Wednesday, March 16, 2016

THE BROTHERS GRIMSBY

A dear friend survived a stress-filled week at work. I offered to treat him to a movie over the weekend so we could hang out.  He wanted to see a comedy.  Something silly to take his mind off work.  He picked THE BROTHERS GRIMSBY.  This is the newest rude, crude and lewd comedy from the truly talented character actor and writer Sacha Baron Cohen.
He plays the knucklehead brother who lives in a raggedy fishing village in England with his girlfriend and their nine kids.  They're all a hot mess but a happy lot.
He longs to find the brother from whom he was separated in their early years.  That brother is now a secret agent on the hunt to kill a global villain.  Of course, the two brothers cross paths, reunite and the dimwit helps the spy on his secret mission that takes them to the plains of South Africa and back.
The best thing one can say about this movie is that it runs only 1 hour and 23 minutes.  A couple of those minutes are spent inside an elephant's vagina which is used as a quick hideout by the Brothers Grimsby when they flee assassins in Africa.  Trust me on this -- you will never look at the Disney's Dumbo in quite the same way after that scene.   One more thing:  A space that size would go for $3500 a month rent in New York City nowadays.  Easily.

The elephant hideout scene is one of the highlights of The Brothers Grimsby, which lets you know how low the humor is.  There was brilliance in Cohen's Borat, a socio-political mockumentary satire in which it was fascinating to watch Cohen's total commitment to character.  His Bruno was not as successful but did have its moments.  Plus there was the thrill of wondering how far he'd go in his commitment to that character.  It was like watching someone walk a tightrope.  His dramatic role in Tim Burton's 2007 film version of the dark Broadway musical, Sweeney Todd, was terrific.  It made me wish Cohen would venture more into the kind of dramatic film roles Albert Finney played early in his career -- films Saturday Night and Sunday Morning or Charlie Bubbles (which Finney also directed) and even the A Christmas Carol-based original screen musical, Scrooge.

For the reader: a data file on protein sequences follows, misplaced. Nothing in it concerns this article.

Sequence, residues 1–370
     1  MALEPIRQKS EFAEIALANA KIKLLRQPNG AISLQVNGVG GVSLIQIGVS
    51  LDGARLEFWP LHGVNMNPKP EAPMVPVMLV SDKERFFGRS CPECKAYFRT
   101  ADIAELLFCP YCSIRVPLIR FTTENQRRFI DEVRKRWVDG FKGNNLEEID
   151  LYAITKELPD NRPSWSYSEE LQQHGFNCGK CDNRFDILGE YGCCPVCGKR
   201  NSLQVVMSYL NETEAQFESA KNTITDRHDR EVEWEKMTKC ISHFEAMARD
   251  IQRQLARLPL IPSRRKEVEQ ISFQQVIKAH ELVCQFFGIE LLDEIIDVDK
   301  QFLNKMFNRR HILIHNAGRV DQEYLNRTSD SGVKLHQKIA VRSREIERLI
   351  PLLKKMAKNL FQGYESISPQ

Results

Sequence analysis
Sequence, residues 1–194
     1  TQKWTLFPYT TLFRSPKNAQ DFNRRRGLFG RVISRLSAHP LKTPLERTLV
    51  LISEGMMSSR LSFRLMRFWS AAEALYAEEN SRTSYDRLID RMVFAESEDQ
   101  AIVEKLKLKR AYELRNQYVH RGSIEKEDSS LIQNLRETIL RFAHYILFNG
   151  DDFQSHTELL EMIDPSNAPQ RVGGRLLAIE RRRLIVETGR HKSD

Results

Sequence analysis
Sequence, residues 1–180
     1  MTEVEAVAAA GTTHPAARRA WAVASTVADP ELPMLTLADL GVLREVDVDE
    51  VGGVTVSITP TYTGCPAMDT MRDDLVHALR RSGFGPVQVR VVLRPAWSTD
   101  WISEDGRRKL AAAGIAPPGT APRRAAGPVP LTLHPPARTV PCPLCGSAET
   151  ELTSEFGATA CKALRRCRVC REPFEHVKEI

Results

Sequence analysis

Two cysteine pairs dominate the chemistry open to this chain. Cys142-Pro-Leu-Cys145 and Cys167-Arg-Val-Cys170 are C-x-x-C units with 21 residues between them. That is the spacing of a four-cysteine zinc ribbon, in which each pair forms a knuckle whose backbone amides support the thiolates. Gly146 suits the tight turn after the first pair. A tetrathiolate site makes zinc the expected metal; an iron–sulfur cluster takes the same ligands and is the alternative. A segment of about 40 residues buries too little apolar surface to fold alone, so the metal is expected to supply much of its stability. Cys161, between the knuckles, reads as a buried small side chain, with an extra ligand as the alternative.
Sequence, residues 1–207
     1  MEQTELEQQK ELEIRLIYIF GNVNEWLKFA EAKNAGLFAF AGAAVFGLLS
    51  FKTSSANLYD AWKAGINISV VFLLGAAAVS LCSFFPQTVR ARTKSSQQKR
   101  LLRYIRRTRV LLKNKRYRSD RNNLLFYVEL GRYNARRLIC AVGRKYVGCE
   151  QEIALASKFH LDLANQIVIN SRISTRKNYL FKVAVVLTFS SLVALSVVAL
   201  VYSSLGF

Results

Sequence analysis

Cohen was slated to play the late Queen singer, Freddie Mercury, in a biopic.  But he's pulled out of the project.  I would've loved to see him tackle that role.  I believe Cohen's popularity and star power would've drawn audiences to the movie about the late rock vocalist (right).
 There's bathroom humor and wacky man-on-man sex-type of situations aplenty in this feature.  There's also top talent such as Penelope Cruz, Ian McShane, and Gabourey Sidibe with little to do in this juvenile film.  Note to Filmmakers:  This is the second time Best Actress Oscar nominee Gabourey Sidibe has been seen onscreen as a hotel maid since her Oscar nomination.  That's enough.  She's got fabulous comedy skills. Give Gabby some upscale comedy material to play.
Mark Strong, who played the secret agent brother, is a very good sport and a very good actor.  He's basically the straight man to Cohen in the movie.  The handsome actor is fun to watch because he's not in the least self-conscious.  He does the actor's work and makes the most of what he was given to play.  Mark Strong is quite believable inside an elephant's vagina.  Unfortunately, The Brothers Grimsby was a major bomb at the box office last weekend when it opened.
Sacha Baron Cohen will next be seen starring with Johnny Depp, Anne Hathaway and Helena Bonham Carter in the fantasy ALICE THROUGH THE LOOKING GLASS.  He plays Time.







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